All this fails to even broach the issue of how many Israelis were killed on 7 October by Israel’s own troops. That’s a matter mainstream US journalists do not want to touch, even as the evidence mounts and as questions emerge about who killed – and how – the 200 Palestinians that Israel initially claimed were Israeli deaths.

Israeli spokesperson Mark Regev told MSNBC’s Mehdi Hasan in mid-November that “We originally said, in the atrocious Hamas attack upon our people on October 7th, we had the number at 1,400 casualties and now we’ve revised that down to 1,200 because we understood that we’d overestimated, we made a mistake. There were actually bodies that were so badly burnt we thought they were ours, in the end apparently they were Hamas terrorists.”

Israel should have known it killed those people, which raises serious questions about indiscriminate Israeli fire that day.

The casualty decrease was known to Israeli settler Ben Packer for days before it was released to mainstream American media.

Packer, an Israeli settler and leading anti-Palestinian racist, wrote on Facebook on 2 November that the number of Israeli deaths had “surprisingly gone down and it’s now estimated that 1,200 were killed and 200 more bodies are actually those of killed terrorists.”

Say what you will about Packer: he’s a racist, a tour guide for Stephen Miller, and determined to ethnically cleanse Gaza and settle the territory, but he is plugged in to people who apparently knew for days that the casualty figures were incorrect.

The New York Times

In contrast to CNN, The New York Times corrected a similar 30 November error hours after I contacted the newspaper.

At that time, journalist Kayla Guo, had written of Hamas killing 1,200 civilians.

Later that day, The New York Times wrote: “A correction was made on Nov. 30, 2023: An earlier version of this article incorrectly described the death toll of the Hamas attack on Oct. 7. It killed 1,200 people, according to Israeli authorities, not 1,200 civilians. More than 300 soldiers and police officers were among those who died.

The newspaper, however, then failed to correct four similar errors I found soon thereafter. Those can be found here, here, here and here.

The newspaper corrected one such error so is certainly aware of the misrepresentation. But there’s no editors’ note about having put too much faith in the word of the Israeli government as the newspaper moved to do in the aftermath of its contested headline over the al-Ahli hospital devastation.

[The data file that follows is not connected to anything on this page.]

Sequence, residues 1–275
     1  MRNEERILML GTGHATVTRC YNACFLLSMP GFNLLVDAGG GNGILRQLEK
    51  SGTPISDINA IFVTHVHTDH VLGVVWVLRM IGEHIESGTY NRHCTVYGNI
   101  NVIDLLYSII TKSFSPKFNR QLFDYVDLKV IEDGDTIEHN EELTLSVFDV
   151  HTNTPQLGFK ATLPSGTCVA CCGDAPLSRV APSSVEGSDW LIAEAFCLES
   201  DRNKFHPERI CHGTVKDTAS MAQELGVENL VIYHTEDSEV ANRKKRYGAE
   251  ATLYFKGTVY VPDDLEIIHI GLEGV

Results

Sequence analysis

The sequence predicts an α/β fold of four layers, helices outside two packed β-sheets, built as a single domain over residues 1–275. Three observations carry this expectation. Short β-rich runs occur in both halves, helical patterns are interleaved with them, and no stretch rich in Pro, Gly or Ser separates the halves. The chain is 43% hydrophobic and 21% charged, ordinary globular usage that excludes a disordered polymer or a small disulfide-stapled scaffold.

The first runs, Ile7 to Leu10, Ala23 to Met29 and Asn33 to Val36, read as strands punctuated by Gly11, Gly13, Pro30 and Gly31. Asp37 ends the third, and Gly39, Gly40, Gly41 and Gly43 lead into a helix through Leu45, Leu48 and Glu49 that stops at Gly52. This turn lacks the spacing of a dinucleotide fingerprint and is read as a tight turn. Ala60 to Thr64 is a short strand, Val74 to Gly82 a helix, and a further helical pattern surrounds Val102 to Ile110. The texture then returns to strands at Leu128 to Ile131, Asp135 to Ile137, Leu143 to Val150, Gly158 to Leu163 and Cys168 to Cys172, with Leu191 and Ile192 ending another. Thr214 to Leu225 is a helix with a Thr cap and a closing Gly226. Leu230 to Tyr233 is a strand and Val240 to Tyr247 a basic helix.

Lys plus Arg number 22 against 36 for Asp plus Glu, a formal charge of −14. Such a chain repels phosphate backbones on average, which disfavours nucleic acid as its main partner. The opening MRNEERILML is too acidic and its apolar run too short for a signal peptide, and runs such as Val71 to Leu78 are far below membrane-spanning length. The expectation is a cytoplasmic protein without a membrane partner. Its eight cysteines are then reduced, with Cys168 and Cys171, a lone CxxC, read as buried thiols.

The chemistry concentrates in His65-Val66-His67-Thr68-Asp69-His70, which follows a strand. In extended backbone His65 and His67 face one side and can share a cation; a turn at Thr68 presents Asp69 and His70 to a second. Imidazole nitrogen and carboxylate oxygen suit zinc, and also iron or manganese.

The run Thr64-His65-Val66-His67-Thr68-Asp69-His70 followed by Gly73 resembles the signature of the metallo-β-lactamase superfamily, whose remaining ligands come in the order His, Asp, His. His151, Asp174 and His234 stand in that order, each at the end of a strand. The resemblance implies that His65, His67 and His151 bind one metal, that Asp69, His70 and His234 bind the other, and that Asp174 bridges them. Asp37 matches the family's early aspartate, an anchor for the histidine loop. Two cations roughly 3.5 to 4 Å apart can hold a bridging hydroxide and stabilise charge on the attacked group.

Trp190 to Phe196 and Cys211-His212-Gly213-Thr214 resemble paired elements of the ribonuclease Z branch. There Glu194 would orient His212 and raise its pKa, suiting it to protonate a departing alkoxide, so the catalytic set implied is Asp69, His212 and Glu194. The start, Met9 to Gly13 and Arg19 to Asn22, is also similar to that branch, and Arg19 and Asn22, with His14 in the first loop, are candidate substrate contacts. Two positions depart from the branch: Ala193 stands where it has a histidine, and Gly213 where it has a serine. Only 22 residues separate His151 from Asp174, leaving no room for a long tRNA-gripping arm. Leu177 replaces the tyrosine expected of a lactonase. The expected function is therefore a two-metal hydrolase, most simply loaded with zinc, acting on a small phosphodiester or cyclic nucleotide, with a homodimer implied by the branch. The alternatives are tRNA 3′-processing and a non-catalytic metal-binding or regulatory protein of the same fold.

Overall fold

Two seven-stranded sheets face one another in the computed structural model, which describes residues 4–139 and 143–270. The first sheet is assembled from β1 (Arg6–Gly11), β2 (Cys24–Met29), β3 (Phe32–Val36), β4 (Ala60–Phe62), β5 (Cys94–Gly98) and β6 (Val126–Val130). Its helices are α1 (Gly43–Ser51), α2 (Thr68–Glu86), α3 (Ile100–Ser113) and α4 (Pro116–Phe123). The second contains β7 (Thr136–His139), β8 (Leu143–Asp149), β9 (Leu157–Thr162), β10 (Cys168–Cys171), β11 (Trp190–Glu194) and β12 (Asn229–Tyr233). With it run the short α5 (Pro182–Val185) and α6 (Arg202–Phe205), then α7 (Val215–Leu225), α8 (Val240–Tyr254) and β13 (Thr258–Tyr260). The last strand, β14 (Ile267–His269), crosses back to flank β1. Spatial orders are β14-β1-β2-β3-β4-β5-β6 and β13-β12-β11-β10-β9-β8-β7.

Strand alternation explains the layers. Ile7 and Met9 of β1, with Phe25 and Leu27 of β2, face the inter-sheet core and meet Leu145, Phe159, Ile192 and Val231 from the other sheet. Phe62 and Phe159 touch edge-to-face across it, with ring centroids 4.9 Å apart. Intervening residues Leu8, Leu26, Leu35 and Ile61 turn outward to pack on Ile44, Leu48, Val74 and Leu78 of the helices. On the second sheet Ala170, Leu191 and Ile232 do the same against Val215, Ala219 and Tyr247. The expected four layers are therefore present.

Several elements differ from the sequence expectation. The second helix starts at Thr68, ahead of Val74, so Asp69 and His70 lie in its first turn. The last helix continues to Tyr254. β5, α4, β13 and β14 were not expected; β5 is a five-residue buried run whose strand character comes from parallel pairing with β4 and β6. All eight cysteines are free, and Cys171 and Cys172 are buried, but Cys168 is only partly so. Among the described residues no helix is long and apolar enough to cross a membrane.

This fits precisely with rhetoric heard at least twice on CNN that has not been corrected – despite reporting to the contrary from the Israeli newspaper Haaretz – when, respectively, Senator Lindsey Graham and Elisha Wiesel falsely contended that Hamas “put a baby in the oven” and “baked babies in ovens.”

This is atrocity propaganda and it is contributing to the annihilation of Palestinians in Gaza and all-too-dangerous realities for Palestinians in the US as well.




It's atrocious that so many Palestinian non-combatants have been prevented from crossing borders to safety since Israel began unrelentingly bombarding Gaza and its citizens, sometimes even as they fled their homes upon Israeli insistence.

Not surprising, U.S. Republicans went into their ‘Christian’ mode, admitting that humanitarian aid for the Palestinians was/is not their concern.

The general western corporate news-media’s ‘coverage’ of the Israel-Palestinian conflict has long been very wanting. This includes their reporting on the current and past violence but especially their non-reporting on the consequential anti-Palestinian social injustices that continue in between every military flare up over decades of Israeli occupation.

Palestinian suffering and deaths in their entirety have not been justly represented.

Their great suffering and deaths may somehow seem less worthy of our actionable concern as otherwise relatively civilized nations. …

Apparently, while some identifiable groups have been brutally victimized throughout history a disproportionately large number of times, the victims of one place and time can and sometimes do become the victimizers of another place and time.

Indeed, people should avoid believing, let alone claiming, that they are not capable of committing an atrocity, even if relentlessly pushed.

Contrary to what is claimed or felt by many of us, deep down there’s a tyrant in each of us that, under the just-right circumstances, can be unleashed; and maybe even more so when convinced that God is on our side.

Michael F. Brown

Michael F. Brown is an independent journalist. His work and views have appeared in The International Herald Tribune,, The San Diego Union-Tribune, The News & Observer, The Atlanta Journal-Constitution, The Washington Post and elsewhere.